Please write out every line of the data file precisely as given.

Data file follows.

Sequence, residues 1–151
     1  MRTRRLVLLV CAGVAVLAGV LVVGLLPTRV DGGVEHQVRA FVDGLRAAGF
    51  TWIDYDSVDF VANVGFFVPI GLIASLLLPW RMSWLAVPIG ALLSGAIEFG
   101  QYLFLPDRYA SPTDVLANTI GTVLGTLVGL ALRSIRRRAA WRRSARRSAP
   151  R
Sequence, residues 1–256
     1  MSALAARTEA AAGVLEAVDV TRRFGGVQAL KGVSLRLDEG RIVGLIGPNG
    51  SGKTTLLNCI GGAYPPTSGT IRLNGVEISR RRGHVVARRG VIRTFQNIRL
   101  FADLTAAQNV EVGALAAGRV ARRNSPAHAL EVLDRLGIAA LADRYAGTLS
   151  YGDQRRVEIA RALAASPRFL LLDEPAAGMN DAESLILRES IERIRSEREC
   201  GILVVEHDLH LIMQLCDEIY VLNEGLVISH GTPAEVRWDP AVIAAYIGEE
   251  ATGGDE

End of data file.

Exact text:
Sequence, residues 1–151
     1  MRTRRLVLLV CAGVAVLAGV LVVGLLPTRV DGGVEHQVRA FVDGLRAAGF
    51  TWIDYDSVDF VANVGFFVPI GLIASLLLPW RMSWLAVPIG ALLSGAIEFG
   101  QYLFLPDRYA SPTDVLANTI GTVLGTLVGL ALRSIRRRAA WRRSARRSAP
   151  R
Sequence, residues 1–256
     1  MSALAARTEA AAGVLEAVDV TRRFGGVQAL KGVSLRLDEG RIVGLIGPNG
    51  SGKTTLLNCI GGAYPPTSGT IRLNGVEISR RRGHVVARRG VIRTFQNIRL
   101  FADLTAAQNV EVGALAAGRV ARRNSPAHAL EVLDRLGIAA LADRYAGTLS
   151  YGDQRRVEIA RALAASPRFL LLDEPAAGMN DAESLILRES IERIRSEREC
   201  GILVVEHDLH LIMQLCDEIY VLNEGLVISH GTPAEVRWDP AVIAAYIGEE
   251  ATGGDE